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By Linnea C. Ehri, Ph.D.
When a student performs these steps at the phonemic level to learn the spellings of smaller words, he is building a foundation for learning the spellings of longer and more complex words.
The first step in this process, segmenting words into phonemes, is not so easy because when a student hears a word spoken out loud, he doesn't perceive any breaks between phonemes - the points where one sound in a word ends and the next begins.
Parents can help a student distinguish each phoneme in a word by helping him notice the activity in his mouth as he pronounces a word. For example, when a student says "spot," first the air hisses over his tongue to say "s," then his lips close to say "p," then his mouth opens to say "o," then the tip of his tongue taps the roof of his mouth to say "t." Instructional programs such as Lindamood-Bell's LiPS© program provide extra help with this by teaching a student to monitor his own mouth movements by watching in a mirror as he pronounces a word.
A young child at risk for LD may be slow in mastering the alphabet, including the shapes, names, and sounds of letters, so he will need to be provided more opportunities to practice. You can tell whether your child needs more practice if, by about age six or the end of kindergarten, he cannot name capital and small letters easily and cannot write these letters from memory.
Instructional programs such as Letterland©, published by Wendon, offer help by providing special "mnemonics," or memorization aids. In this type of program, the student is shown a picture of a familiar object that he can name, such as a snake. The snake is drawn in the form of a letter "s," and is shown making a "Ssssss" sound. Another example might be a "Kicking King," drawn in the shape of "k." The mnemonics are effective because children can look at the letter's shape and be reminded of the picture whose name begins with the sound of that letter.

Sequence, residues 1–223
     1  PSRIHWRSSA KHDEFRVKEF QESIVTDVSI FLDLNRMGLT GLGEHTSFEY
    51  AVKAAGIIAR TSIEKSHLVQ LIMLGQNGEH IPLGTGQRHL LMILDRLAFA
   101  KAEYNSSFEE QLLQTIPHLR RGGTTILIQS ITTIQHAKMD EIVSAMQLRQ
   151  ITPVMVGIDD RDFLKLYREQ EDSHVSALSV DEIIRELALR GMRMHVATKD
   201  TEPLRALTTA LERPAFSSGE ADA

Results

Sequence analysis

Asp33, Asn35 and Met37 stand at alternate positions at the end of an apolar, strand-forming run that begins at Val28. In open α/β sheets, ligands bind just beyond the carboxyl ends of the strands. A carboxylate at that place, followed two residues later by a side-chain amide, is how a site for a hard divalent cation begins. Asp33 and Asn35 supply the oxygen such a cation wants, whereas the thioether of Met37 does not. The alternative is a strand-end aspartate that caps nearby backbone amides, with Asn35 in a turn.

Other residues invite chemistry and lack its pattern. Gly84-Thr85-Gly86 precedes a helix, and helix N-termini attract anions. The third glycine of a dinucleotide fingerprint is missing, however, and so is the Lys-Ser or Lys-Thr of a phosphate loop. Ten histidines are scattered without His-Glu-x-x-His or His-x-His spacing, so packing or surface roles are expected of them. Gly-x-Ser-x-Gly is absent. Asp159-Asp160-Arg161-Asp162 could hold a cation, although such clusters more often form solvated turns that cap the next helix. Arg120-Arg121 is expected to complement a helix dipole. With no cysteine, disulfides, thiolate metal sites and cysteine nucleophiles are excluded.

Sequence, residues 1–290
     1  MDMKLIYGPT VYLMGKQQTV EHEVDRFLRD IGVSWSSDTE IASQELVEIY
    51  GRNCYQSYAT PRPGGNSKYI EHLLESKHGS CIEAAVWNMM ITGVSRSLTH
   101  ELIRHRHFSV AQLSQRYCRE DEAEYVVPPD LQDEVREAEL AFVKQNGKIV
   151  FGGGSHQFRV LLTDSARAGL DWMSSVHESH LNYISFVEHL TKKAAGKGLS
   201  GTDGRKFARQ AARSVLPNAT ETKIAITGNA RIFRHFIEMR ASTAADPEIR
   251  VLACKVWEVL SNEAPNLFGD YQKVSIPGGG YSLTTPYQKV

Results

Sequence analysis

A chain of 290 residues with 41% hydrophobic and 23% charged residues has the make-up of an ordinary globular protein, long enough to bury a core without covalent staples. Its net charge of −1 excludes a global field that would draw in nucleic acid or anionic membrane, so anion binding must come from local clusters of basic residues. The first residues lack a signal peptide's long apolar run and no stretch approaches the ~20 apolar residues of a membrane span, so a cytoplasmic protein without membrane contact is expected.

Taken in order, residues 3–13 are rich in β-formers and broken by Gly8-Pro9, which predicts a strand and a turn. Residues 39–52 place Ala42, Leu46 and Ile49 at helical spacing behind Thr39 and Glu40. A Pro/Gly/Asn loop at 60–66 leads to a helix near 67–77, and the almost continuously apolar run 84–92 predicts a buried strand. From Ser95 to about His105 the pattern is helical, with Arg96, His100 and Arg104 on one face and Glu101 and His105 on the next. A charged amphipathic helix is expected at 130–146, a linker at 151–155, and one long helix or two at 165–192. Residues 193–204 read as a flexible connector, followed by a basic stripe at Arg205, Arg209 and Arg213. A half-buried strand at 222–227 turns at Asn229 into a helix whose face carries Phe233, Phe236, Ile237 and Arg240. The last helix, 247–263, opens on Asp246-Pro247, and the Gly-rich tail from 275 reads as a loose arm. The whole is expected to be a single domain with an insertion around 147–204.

A student with LD may have trouble figuring out how letters are linked to phonemes, in the pronunciation of a specific word. This is because students with LD have more than average difficulty distinguishing each phoneme in a word when they hear it spoken. When a student is experiencing this difficulty, it can be helpful for him to say the word out loud while looking at its spelling. Assuming he has some understanding of letter-phoneme correspondence, the letters can tell him what sounds to listen for in speech and to feel in his mouth when he says the word. For example, the two separate phonemes in consonant clusters such as the "s-k" and "n-k" in "skunk" are hard to hear. However, looking at the spelling draws the student's attention to their presence.
Instructional programs such as Benchmark School Press's Word Detectives© program provide extra help with this skill by teaching beginning spellers to fully analyze letter-phoneme correspondence as they learn to read and spell words. The steps that students follow to perform this analysis are illustrated in Figure 1 below.
Figure 1. These are scripted steps a student uses to fully analyze the spelling of a word, by talking to himself out loud about the word as he looks at it and pronounces it. Using the example of the word "speech," one student's possible answers appear underlined.
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